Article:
Defending champion Bishop Amat’s 4-1 victory over Chino Hills sets up a dream Division 3 final this weekend against Claremont, the third-ranked team in the country and 1-0 winner over St. Lucy’s. After losing to St. Margaret’s in last year’s D-6 title game, San Dimas loses in semifinals to St. Margaret’s again, 1-0
Inland Insider Tom Kiss’ highlight video and interviews from Amat’s 3-1 win over Chino Hills.
By Fred J. Robledo
Chino Hills will have to settle for advancing to its first girls soccer semifinal in the school’s history.
Defending champion and fourth-seed Bishop Amat, looking as dominant as ever, overcame an early deficit and overwhelmed the visiting Huskies 4-1 in Tuesday’s CIF Southern Section Division 3 semifinals to advance to either Friday or Saturday’s championship at a site to be determined against national power and second-seed Claremont, a 1-0 winner over St. Lucy’s.
After Chino Hills’ Dayna Garcia scored off an Amanda Bell assist in the 19th minute, Amat’s reigning divisional player of the year and two-time area player of the year April Juarez went to work.
Juarez chested down a pass from Yazmin Montoya, turned and fired in the 21st minute to tie the game. Then Juarez took a long throw-in from freshman Natalie Tillman, and with her back to the goal, somehow freed herself to fire the go-ahead goal in the 28th minute for a 2-1 lead.
Juarez also set up the third goal just before half. She was tripped in the penalty area to set up a penalty kick and Nayeli Requejo stepped up and finished it in the 39th minute to go up, 3-1. (To continue click thread).
Bishop Amat 4, Chino Hills 1
Claremont 1, St. Lucy’s 0
St. Margaret’s 1, San Dimas 0
Requejo also scored in the 50th minute as a result of a long throw-in, and that was more than enough to lift the Lancers to their second straight title game.
“I thought we took advantage of our opportunities,” Bishop Amat coach Ruben Gonzalez said. “They’re a good team but I don’t think they’ve seen a team like us, especially with a player like April.”
Juarez’s two goals gave her 25 for the season and 117 for her career. Juarez is likely headed to USC in the fall and is as gifted as anyone with the ball at her feet and finishing opportunities.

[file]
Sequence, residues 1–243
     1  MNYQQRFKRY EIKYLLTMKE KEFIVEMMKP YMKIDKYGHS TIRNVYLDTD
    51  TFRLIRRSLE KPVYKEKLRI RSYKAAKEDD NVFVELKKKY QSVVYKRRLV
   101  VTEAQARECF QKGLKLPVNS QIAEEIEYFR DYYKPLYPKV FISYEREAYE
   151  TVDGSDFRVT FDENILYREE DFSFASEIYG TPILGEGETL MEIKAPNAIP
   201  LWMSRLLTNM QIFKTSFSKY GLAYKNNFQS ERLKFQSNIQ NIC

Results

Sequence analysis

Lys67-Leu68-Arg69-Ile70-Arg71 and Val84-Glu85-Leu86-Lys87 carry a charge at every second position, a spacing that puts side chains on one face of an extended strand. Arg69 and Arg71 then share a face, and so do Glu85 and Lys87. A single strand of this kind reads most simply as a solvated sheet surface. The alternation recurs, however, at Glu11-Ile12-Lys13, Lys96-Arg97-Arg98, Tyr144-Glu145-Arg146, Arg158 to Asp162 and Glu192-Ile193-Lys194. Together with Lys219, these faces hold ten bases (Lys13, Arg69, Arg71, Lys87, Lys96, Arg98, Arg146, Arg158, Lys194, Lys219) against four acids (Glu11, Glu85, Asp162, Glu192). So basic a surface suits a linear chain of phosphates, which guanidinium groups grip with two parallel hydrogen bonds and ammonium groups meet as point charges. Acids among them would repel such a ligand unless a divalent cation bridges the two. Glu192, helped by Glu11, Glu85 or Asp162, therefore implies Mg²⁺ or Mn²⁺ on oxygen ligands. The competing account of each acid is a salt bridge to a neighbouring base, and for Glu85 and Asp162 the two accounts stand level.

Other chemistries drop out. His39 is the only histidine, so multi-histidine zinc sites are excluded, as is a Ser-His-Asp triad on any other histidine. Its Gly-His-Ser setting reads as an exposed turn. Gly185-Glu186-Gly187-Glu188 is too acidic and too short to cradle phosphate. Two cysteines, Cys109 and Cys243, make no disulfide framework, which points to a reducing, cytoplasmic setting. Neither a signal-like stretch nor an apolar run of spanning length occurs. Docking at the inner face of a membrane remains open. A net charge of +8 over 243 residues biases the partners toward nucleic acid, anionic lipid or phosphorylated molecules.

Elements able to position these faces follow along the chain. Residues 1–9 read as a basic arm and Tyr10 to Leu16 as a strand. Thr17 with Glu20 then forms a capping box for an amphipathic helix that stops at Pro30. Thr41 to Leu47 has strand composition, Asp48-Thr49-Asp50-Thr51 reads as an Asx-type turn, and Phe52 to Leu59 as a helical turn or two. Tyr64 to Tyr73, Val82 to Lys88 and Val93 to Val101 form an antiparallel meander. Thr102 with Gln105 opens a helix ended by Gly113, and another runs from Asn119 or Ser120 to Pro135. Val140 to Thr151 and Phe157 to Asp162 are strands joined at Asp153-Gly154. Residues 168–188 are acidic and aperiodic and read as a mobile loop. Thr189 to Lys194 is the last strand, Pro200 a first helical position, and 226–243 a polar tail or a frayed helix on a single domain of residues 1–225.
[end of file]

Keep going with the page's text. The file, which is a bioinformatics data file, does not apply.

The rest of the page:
“She’s a special player,” Gonzalez said of Juarez. “It’s once in a long, long time you’re able to coach a player like that. She’s fantastic in tight spaces and can create goals as easy as she finishes them.”
After Chino Hills knocked off Bonita 5-1 in the quarterfinals, Gonzalez said limiting the Huskies’ opportunities was crucial, and they did so by making life difficult on their two best attackers, junior midfielder Meilessah Rangel and sophomore forward Ashley Gonzales.
“We used (Requejo) to shadow (Rangel) in the middle to reduce her getting balls to their forwards, then we shadowed their best finisher (Gonzales) with (Natalie) Rivas.
“We figured if she (Rangel) didn’t get a lot of balls up top they wouldn’t have many opportunities to score.”
Both teams grew more physical as the game wore on, but defensively, Amat disrupted everything the Huskies tried to do.
“They played that deep sweeper and our girls weren’t use to that,” Chino Hills coach Tom Hummer said. “We’re use to facing a flat four and their defense is good, you can’t take anything away from them, they’re the defending champions.
“But I thought we could have scored a couple more goals and made it interesting early on, but it didn’t happen.”
Amat’s control of the midfield could be attributed to Montoya as well. She’s a ball-winner who thinks defense first.
Montoya was the first player to grab the championship plaque and wave it in front of fans after winning last year’s title.
But to do it again, the Lancers (22-2-4) have to get past once-beaten Claremont (26-1-4) — the third-ranked team in the country according to Maxpreps.
“Few teams can say they won back-to-back championships and now that we’re here, we want to do it again,” Montoya said. “We know they’re good, but we have to treat it like it’s just another game and play our game. We know how it feels to be in the championship and what it takes to get it done.”
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